As is often the case, health care regulations and tech law overlap.
Consider the unfortunate case of Affinity Health Plan, Inc., a not for profit managed care plan company in New York. Affinity leased some copiers. When the lease ran out on the copiers, Affinity let the copiers go back to the lessor. The lessor stored the copiers in a warehouse in New Jersey. As you may or may not know, digital copiers have a hard drive, much like the one in your laptop. The copier makes a copy (hence the name) on its hard drive of each document run through the copier. These copies on the hard drive remain until overwritten by other copies or until erased. Most copiers don't have a readily available function that wipes the drive.
Now, Affinity either didn't know (probably) or didn't care about the copies on the hard drive and didn't take any action to delete them before turning them back to the lessor. So, Affinity was either sloppy, negligent or uniformed, doesn't really matter. What they were also, was really unlucky.
Consider this further, there is a company called Digital Copier Security that is owned by a Mr. Juntunen. Digital Copier Security markets a product to erase information from copier hard drives. Mr. Juntunen of Sacramento and CBS News of New York somehow got together and decided to do a story on information left on copiers. You can make your own assumptions as to how they got together and who profits from the arrangement. Mr. Juntunen and CBS News went to a warehouse in New Jersey and purchased four copiers picked out by Mr. Juntunen. Affinity's copier was one of the copiers selected. When Mr. Juntunen removed the hard drive from the Affinity copier and printed out the images left there, several hundred pages of medical records were revealed. CBS News notified Affinity about this and returned the hard drives to Affinity.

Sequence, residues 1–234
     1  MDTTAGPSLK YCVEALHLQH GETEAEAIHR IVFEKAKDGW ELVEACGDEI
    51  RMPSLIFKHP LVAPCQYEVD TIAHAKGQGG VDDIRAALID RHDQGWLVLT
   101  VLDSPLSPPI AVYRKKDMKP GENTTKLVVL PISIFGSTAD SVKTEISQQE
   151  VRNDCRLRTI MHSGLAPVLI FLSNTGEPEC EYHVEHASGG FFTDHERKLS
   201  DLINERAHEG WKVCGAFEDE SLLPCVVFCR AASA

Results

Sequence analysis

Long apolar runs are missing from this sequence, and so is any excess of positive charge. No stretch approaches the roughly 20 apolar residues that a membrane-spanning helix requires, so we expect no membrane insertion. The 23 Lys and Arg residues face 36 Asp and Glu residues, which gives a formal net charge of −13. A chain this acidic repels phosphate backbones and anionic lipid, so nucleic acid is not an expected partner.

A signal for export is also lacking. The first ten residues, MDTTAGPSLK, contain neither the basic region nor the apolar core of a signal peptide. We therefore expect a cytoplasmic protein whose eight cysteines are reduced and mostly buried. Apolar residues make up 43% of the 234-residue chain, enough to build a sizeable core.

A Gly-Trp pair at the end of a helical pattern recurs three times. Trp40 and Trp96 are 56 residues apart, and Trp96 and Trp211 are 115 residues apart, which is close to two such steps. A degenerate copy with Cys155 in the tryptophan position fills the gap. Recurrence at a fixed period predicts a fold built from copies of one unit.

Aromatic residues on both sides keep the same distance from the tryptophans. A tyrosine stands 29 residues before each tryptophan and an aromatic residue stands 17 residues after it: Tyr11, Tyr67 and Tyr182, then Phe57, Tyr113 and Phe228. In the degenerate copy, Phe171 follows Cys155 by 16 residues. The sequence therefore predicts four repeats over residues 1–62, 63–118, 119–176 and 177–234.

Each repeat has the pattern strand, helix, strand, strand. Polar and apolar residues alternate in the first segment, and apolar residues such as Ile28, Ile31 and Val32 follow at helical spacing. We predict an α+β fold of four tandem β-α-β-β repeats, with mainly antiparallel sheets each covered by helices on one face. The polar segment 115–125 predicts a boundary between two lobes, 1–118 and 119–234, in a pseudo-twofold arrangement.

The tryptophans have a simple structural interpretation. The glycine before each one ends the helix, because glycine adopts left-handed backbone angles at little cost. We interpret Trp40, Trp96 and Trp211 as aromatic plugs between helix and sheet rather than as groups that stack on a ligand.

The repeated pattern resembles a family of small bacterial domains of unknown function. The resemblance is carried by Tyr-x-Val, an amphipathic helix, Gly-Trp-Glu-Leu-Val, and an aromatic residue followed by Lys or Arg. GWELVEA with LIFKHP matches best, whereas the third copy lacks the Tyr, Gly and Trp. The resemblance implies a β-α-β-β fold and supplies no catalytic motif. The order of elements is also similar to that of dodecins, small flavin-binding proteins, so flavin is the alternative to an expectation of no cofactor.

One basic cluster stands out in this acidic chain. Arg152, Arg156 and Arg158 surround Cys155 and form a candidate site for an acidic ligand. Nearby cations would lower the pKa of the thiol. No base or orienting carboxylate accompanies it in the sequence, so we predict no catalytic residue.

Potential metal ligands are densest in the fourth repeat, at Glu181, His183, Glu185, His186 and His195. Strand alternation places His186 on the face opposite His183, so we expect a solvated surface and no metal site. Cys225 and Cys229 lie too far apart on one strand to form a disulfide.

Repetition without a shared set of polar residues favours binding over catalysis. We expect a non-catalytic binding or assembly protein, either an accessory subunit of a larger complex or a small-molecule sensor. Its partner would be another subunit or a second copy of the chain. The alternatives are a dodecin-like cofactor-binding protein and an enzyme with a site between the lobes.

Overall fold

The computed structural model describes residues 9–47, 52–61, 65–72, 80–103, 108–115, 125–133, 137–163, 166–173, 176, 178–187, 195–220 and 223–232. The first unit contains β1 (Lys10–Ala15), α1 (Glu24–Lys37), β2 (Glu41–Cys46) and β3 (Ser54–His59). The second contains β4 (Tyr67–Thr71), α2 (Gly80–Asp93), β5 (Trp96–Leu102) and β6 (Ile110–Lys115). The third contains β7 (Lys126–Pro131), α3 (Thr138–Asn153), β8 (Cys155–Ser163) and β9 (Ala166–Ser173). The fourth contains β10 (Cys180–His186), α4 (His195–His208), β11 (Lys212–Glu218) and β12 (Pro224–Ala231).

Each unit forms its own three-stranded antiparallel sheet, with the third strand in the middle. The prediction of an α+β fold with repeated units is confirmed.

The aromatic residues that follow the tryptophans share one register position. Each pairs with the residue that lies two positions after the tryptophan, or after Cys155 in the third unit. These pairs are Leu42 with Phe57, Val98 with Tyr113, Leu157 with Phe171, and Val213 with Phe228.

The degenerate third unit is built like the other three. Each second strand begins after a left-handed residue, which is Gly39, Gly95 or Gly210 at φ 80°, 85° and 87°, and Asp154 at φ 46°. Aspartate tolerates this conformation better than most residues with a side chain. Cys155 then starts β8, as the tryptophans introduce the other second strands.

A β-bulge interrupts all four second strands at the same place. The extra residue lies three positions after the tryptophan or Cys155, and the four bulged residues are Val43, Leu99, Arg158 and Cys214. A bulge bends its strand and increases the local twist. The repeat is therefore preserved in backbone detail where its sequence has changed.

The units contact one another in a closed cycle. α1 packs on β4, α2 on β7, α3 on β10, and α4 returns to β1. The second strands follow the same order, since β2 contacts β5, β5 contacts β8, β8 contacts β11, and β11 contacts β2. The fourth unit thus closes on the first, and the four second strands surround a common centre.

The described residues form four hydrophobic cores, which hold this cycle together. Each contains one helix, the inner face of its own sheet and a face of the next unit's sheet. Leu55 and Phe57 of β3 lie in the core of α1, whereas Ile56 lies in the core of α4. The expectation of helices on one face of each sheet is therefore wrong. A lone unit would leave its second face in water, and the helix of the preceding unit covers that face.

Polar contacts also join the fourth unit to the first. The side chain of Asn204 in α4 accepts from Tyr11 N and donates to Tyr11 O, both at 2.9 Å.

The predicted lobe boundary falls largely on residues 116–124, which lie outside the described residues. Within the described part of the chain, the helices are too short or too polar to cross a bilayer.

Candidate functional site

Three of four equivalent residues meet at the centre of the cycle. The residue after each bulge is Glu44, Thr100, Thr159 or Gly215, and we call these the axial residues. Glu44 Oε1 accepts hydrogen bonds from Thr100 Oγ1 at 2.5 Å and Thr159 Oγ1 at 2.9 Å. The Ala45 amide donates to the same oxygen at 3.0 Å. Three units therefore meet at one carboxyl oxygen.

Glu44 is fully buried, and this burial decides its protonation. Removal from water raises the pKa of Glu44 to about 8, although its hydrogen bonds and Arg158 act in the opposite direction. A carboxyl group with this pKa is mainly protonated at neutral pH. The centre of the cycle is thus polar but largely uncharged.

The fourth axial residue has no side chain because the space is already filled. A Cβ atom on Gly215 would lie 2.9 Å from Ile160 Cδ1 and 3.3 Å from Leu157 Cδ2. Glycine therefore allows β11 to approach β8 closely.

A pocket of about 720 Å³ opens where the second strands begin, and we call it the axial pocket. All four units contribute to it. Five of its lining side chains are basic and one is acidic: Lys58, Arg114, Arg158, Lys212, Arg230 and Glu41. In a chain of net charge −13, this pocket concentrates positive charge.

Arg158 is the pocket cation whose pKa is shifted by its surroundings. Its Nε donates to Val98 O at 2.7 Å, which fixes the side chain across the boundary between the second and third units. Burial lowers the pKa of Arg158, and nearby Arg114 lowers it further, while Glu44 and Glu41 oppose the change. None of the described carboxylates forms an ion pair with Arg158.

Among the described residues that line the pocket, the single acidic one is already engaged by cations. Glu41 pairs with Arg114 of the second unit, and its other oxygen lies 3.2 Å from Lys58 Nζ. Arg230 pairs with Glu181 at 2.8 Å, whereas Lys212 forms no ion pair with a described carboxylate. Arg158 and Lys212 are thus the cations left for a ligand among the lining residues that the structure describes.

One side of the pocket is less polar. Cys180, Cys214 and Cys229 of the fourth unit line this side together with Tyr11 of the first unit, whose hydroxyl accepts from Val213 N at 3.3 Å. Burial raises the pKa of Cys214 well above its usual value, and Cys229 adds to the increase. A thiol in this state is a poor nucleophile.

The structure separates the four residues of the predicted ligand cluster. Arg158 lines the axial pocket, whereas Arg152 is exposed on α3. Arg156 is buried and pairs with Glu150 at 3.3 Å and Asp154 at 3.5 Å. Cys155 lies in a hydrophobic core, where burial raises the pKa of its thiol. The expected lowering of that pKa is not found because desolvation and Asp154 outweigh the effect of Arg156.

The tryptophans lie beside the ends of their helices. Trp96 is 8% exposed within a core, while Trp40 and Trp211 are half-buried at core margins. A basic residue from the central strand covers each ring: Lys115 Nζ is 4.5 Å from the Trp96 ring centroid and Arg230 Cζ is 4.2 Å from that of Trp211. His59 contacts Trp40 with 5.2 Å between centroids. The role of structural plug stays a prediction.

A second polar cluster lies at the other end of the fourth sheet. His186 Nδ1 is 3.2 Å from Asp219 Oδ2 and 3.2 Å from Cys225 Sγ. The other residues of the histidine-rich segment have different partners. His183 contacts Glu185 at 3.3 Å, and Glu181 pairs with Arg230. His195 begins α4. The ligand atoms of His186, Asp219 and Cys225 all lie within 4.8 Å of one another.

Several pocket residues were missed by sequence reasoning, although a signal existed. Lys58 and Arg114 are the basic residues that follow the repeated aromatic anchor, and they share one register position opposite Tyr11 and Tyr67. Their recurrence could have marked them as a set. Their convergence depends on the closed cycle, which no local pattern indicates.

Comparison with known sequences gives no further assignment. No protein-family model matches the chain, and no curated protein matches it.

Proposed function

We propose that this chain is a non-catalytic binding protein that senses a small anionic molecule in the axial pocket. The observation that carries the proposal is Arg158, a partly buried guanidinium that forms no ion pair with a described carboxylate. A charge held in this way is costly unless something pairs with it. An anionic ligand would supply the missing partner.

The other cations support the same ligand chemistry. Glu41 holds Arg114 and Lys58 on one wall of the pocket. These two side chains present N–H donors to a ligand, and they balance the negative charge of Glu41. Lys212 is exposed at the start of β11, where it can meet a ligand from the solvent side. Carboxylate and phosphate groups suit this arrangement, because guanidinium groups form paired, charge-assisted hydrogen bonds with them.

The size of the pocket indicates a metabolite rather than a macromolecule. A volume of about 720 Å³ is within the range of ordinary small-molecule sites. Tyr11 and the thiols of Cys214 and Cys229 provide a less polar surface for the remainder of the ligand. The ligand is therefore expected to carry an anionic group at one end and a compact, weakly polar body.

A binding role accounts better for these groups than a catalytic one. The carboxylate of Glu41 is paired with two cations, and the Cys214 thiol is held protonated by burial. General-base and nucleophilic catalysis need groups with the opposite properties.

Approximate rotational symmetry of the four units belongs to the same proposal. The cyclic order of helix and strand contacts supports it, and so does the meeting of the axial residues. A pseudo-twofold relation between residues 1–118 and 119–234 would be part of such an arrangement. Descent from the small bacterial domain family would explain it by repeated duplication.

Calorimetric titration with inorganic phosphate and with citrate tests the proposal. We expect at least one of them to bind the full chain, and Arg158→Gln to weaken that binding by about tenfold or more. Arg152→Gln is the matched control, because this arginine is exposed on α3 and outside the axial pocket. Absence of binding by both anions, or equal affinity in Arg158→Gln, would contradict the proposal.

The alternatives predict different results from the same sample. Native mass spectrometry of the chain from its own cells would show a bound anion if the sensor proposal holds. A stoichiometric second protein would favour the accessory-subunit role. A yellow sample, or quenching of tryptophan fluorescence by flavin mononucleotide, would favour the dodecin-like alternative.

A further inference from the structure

If this copier hadn't been chosen, it is unlikely that anyone would ever have known about this and probably no records would have been revealed to anyone. However, saddled with this unfortunate and unwelcome information, Affinity was required, under HIPAA/HITECH regulations, to file a breach report. Affinity's breach report estimated that almost 350,000 people may have been affected by this breach. A couple of weeks ago, Affinity settled with Health and Human Services. The settlement required Affinity to pay a fine of $1,215,780, use best efforts to recover the hard drives from all other copiers they had similarly leased and discarded and to take certain other measures to safeguard all electronic protected health information.
To be fair, the other three copiers purchased by CBS all had sensitive information on them. One was from the Buffalo, N.Y. Police Sex Crimes Division and it had detailed information on domestic violence complaints and a list of wanted sex offenders. Another machine from the Buffalo Police Department had a list of targets in a major drug raid. The other machine was from a construction company and had a number of pay records along with social security numbers.
However, Affinity was the only one that was regulated by HIPAA. Most unfortunate.
Thus, lessons learned: Things that have digital storage devices, e.g. computers, copiers, fax machines, cameras, smart phones, etc. should be covered in a comprehensive policy that requires their storage to be scrubbed before disposal. You do not want to be unlucky too.